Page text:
Instead I’ll concentrate on the major changes made to the Leopard Finder. First of all the sidebar has been redesigned. It now looks a lot like the sidebar in iTunes, as can be seen from the screenshots below.


In fact the changes to Finder’s sidebar form part of a unified theme that Apple has established for the operating system with Leopard. Which is not to say that the change is purely cosmetic; as you can see the Finder sidebar is now divided into discrete categories i.e. devices (cameras, disk drives etc), shared resources, folders (Places in Leopard parlance) and searches. It is still possible however to add folders to the Places section in the sidebar. In the searches category Apple has thoughtfully included some useful smart folders out of the box, but these can also be added to.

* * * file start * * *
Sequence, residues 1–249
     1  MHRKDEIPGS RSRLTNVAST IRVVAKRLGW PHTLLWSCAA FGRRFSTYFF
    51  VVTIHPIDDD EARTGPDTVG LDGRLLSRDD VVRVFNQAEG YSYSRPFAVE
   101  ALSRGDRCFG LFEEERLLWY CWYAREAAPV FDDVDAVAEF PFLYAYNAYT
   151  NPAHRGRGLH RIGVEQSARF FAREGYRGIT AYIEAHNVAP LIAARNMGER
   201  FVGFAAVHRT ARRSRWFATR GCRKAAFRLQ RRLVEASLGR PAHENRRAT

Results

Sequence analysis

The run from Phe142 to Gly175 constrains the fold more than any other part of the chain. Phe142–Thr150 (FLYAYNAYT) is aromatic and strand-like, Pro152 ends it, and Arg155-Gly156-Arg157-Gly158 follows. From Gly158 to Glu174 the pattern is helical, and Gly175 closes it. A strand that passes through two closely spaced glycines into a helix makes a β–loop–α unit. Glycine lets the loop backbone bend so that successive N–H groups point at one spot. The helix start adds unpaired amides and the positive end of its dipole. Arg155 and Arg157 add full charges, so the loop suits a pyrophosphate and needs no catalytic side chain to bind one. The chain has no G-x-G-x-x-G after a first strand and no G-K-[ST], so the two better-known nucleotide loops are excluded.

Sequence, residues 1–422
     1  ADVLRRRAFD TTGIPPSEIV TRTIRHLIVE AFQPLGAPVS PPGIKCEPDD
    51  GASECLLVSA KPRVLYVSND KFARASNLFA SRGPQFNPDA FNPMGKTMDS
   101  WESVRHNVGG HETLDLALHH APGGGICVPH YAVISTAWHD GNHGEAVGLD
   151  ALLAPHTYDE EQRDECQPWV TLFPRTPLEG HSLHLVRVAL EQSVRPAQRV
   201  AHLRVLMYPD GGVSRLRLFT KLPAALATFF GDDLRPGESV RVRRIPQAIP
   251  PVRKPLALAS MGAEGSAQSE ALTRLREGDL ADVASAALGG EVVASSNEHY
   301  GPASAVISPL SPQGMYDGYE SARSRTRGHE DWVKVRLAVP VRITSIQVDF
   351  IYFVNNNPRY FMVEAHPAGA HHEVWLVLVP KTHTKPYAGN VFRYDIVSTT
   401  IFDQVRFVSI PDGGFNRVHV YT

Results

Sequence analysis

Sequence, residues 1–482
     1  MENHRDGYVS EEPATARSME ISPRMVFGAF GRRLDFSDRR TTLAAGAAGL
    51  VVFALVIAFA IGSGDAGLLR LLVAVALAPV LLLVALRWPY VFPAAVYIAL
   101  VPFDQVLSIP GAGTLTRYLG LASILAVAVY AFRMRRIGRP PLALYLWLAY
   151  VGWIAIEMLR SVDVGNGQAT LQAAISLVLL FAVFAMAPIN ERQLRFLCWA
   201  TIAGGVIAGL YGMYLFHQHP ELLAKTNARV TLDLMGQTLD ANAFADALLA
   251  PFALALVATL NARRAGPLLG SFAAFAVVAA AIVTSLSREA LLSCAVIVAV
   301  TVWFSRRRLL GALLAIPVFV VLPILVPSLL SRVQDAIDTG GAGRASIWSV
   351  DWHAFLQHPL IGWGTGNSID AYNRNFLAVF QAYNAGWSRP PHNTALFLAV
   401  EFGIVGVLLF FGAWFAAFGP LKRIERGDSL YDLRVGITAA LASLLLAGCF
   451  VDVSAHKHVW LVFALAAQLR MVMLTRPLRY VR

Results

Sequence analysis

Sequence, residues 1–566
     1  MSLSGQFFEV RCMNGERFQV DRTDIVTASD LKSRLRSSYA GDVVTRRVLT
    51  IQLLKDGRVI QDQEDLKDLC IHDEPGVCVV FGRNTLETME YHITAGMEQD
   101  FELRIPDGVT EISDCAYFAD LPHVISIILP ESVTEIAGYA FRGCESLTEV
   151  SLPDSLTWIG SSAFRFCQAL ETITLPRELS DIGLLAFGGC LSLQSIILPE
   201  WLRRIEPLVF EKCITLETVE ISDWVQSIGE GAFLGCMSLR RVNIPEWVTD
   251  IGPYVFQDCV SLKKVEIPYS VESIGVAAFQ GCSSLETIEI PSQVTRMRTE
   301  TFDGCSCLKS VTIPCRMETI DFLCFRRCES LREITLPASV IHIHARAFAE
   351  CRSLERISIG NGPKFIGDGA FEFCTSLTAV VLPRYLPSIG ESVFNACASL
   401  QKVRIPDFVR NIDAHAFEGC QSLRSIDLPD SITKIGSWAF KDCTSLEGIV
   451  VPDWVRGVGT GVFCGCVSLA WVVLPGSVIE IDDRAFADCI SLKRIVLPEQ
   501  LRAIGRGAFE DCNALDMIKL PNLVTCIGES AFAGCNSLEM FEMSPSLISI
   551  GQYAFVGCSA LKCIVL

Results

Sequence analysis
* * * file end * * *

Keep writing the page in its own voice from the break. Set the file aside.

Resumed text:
Incidentally, accessing shared resources has become a lot easier in Leopard. When a resource is available on the network it automatically appears in the sidebar. Connecting to the resource is now just a matter of clicking on the resource icon. A big improvement over Tiger here in my opinion, where connecting to other resources on the Network always seemed to be a hit-or-miss affair.

Other significant enhancements to the Finder are Cover Flow and Quick Look.

Cover Flow